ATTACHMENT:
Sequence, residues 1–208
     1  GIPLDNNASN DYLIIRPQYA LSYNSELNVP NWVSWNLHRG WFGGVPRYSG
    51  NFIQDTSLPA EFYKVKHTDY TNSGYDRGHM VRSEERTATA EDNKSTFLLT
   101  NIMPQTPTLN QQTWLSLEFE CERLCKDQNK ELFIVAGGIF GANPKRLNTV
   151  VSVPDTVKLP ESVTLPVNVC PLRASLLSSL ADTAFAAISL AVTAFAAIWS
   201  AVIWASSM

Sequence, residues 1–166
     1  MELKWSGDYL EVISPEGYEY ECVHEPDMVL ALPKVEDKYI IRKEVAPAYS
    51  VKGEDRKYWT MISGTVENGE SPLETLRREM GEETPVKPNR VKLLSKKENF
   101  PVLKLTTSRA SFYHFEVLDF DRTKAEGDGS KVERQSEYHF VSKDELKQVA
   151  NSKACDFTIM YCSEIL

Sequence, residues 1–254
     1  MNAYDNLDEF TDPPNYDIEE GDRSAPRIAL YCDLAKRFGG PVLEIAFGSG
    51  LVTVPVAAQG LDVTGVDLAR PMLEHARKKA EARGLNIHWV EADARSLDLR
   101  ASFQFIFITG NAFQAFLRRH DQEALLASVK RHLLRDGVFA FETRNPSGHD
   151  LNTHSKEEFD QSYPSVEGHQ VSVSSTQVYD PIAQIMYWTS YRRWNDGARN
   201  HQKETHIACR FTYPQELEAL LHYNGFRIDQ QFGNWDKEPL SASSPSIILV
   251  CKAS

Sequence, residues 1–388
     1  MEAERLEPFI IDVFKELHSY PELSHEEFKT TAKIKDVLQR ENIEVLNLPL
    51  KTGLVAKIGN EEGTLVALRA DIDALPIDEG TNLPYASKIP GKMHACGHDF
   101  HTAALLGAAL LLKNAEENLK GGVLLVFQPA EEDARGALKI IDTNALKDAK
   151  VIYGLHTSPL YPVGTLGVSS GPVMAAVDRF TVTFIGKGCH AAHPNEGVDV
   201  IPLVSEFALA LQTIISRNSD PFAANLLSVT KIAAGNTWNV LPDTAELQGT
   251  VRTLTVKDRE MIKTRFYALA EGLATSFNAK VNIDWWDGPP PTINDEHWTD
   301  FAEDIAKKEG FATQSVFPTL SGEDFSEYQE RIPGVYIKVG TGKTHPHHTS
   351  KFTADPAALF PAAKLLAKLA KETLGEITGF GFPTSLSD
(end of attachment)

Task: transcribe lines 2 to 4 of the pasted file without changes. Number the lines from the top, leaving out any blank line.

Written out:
     1  GIPLDNNASN DYLIIRPQYA LSYNSELNVP NWVSWNLHRG WFGGVPRYSG
    51  NFIQDTSLPA EFYKVKHTDY TNSGYDRGHM VRSEERTATA EDNKSTFLLT
   101  NIMPQTPTLN QQTWLSLEFE CERLCKDQNK ELFIVAGGIF GANPKRLNTV